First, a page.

I can recognize where I am. In Guaraní, I’m in the stage where I recognize words here and there, and I can form some sentences. But I have to say to myself, ok, this is what I want to say, do I know that in Guarani? Yes, ok, wait. Arms out as if to steady myself. “Ahata akaru nde rogape.” (I’m going to eat lunch at your house.) And each completed sentence or recognized word warrants a tiny celebration.
Most of us can either chose to learn Guarani or not. Another volunteer said to me, “You’re never going to use it again,” but it had the same ring as “We’re all going to die anyway.”
To not learn it would mean sitting around for countless conversations where I remain the outsider. I may never use it again, but I’m here now. This is the language, this is the experience.
So I’m going for it. The good news is I get to use all those vowels, the ô and the ũ and the ĩ, with the party hats and fake mustaches.
Now I’m off to memorize words such as yvyty, yvytu, yvoty, and yvyra. That’s hill, wind, flower and wood to you.

Oct. 30: My people
Back home, I didn’t associate strongly with any group. I guess that just comes with being a mix in the majority.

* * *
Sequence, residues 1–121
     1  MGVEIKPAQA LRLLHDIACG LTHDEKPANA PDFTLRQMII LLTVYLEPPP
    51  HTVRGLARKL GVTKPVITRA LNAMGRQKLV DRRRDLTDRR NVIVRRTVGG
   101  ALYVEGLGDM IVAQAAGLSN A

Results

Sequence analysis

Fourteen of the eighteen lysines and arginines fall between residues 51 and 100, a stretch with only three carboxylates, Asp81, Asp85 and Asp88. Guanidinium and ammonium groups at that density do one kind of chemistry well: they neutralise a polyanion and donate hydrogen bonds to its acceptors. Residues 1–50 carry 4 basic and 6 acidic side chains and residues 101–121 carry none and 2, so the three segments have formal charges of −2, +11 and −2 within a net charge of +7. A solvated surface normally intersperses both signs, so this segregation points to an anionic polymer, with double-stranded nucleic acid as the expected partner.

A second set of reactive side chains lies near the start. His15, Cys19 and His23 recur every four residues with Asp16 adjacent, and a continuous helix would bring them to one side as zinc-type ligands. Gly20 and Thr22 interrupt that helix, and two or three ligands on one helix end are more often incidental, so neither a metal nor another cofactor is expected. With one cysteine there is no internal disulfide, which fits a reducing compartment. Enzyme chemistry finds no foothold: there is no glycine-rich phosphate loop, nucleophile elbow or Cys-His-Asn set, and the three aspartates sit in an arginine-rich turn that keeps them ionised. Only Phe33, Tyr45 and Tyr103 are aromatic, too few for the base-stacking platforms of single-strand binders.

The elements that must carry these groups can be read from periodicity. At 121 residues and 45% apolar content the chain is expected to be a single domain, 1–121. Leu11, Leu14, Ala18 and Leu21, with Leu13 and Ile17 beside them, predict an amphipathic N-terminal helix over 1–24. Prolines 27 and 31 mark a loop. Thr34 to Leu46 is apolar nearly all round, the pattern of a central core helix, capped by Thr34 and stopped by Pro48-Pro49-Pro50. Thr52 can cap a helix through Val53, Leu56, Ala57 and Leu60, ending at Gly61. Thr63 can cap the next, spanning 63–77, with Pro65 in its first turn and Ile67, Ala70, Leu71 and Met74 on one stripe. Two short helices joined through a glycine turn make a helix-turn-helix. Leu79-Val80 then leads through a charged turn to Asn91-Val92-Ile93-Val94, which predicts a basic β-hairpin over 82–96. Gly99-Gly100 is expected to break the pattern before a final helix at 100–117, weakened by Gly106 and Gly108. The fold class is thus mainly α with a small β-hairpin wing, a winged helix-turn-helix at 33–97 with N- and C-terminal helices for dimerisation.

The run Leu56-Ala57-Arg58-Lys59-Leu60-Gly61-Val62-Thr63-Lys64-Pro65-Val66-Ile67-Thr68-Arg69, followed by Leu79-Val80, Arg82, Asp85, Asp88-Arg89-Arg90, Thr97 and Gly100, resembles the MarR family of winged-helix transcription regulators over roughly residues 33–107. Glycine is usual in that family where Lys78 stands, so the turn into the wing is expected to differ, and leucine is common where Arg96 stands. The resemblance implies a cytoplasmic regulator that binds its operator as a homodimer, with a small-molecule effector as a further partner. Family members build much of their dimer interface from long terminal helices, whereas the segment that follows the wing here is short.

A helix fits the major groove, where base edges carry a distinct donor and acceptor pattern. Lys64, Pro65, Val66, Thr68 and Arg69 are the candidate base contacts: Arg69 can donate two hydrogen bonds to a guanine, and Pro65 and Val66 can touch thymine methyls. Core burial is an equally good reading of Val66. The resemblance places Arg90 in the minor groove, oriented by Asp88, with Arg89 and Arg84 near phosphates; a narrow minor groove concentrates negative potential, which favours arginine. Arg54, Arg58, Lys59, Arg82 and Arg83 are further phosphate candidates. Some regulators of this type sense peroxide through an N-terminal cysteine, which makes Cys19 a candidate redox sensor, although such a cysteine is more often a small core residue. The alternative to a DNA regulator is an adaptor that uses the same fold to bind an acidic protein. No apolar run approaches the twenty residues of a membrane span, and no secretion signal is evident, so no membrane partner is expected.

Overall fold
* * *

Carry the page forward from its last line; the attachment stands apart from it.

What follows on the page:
So I’ve gotten my first taste of stereotyping, where people take my entire country and its history, and somehow it’s all contained in me.
“You’re country had slaves, right?” Uh, yeah.
“Americans take advantage of immigrants.” Um, sometimes.
Today someone said something like all Americans hate black people. She was basically saying that I hated black people, and really for the first time, I felt like, “Hey, not fair! You didn’t even ask me.” I said, “We’re about to have a black president!”
Recently, someone asked me: “People from America don’t cry much for their dead, right?” This hit close, as almost a personal insult that I didn’t care about family members who died. I put a surprised look on my face and said, “Yes, we do.”
“Aah, then in that way we are alike,” said my friend.
Today I explained to the people I was terere-ing with that in each country, you are going to find good people and bad people.
Already the Paraguayans, to me, are not Paraguayans. They’re just people. I know that sounds like a public service announcement, but it’s true. I can’t remember what it was like to think differently. Yes, on top of everything, there’s culture. But most people never get the chance to look past that.

Nov. 7: Roga Sweet Roga
This morning I arrived at my very own house with my stuff, which has metasticized from two backpacks full of stuff to a collection that would barely fit in my host sister’s car. We loaded my stuff, they left, I went into my room and did a jump skip, yelling “My house, my house, my own _ house!” They I kicked up my leg and touched my toes with my fingers like a cheerleader.
Now I have to live on my own. In six months I haven’t washed a dish or a piece of clothing, practically. I hope I remember how it all works. My neighbors are going to see the smoke from my burning stove and come in to see me poking the floor with a broom, weeping.